Nov. 24--November is the start of the holiday season -- a time to celebrate fun,
family and food.
It also is a time to consider a medical condition for which as many as 79
million American adults is at risk of contracting: diabetes.
November is American Diabetes Month. If you aren't living with diabetes
yourself, chances are that at least one of the friends or loved ones with whom
you will celebrate in the coming weeks has been touched by the disease.
Diabetes is a condition that causes blood sugar levels to rise higher than
normal. Our bodies break down the food we eat into glucose, or sugar, so it can
be used for energy. A hormone called insulin helps the glucose to get inside our
cells. When our bodies don't make enough insulin or the insulin we have isn't
being used properly, sugar starts to build up in the blood. Complications from
diabetes can include blindness, heart disease, hearing loss, kidney failure,
severe nerve damage leading to limb amputations and strokes.
More than 25 million Americans currently have diabetes. This number is on the
rise, and more than one in three American adults suffers from prediabetes, which
occurs when blood glucose levels are higher than normal but not high enough to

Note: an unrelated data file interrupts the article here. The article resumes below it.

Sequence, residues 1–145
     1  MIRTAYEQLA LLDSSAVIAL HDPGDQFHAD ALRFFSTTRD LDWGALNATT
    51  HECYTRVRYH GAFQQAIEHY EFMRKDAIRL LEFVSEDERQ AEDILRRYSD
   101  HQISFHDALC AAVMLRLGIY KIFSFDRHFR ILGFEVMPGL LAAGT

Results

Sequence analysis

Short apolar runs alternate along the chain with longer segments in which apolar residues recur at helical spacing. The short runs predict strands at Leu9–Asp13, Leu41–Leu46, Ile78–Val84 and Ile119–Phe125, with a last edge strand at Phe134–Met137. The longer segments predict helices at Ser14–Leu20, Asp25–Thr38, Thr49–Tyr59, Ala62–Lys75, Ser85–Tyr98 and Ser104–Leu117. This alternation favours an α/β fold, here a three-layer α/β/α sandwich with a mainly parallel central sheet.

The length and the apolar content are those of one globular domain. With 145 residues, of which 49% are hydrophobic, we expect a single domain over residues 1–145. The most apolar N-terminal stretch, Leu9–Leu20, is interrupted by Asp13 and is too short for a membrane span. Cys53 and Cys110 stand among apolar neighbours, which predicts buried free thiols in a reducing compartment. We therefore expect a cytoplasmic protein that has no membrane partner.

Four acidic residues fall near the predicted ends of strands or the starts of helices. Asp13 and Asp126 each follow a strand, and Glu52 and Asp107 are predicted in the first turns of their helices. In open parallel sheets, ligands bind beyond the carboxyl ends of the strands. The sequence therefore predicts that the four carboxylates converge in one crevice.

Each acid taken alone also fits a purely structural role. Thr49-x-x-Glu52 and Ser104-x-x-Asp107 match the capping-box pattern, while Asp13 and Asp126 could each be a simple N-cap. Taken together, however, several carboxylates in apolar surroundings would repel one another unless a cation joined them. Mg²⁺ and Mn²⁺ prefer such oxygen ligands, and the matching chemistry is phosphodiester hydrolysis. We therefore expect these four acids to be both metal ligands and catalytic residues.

be considered diabetes. People with prediabetes who do not change their
lifestyles usually develop type 2 diabetes, otherwise known as adult-onset
diabetes, within three years.
Changing your lifestyle to incorporate regular physical activity, weight loss
and a healthy diet with lots of fruits and vegetables can help maintain blood
sugar levels. This can help prevent diabetes in those who have prediabetes and
assist those who have diabetes in better managing their disease.
The worst complications from diabetes often occur when the disease goes
unchecked. With the help of healthy lifestyle changes, insulin medication and
blood sugar monitoring, we can prevent these from happening. Symptoms of
--Feeling very thirsty or very hungry even when you have just eaten;
--Slow-healing cuts and bruises; and
--Tingling or numbness in the hands and feet.
If this list looks familiar to you, talk to a doctor as soon as possible. If you
can detect your diabetes early, you and your doctor can help control it
Prediabetes, unfortunately, has almost no symptoms, so people should carefully
assess their risk factors for type 2 diabetes. These include:
--Being 45 years of age or older;
--A family history of type 2 diabetes;
--Engaging in physical activity less than 3 times a week;
--Having had diabetes while pregnant (gestational diabetes); and
--Having given birth to a baby who weighed more than 9 pounds.
If one or more of these factors describes you, talk to your doctor about your
diabetes risks and get your glucose levels checked.
To learn more about diabetes and take a risk factor test, visit the American
Diabetes Association at www.diabetes.org. To locate an area physician who can
help you manage your diabetes call 1-800-424-DOCS (3627).
(c)2013 the Danville Register & Bee (Danville, Va.)
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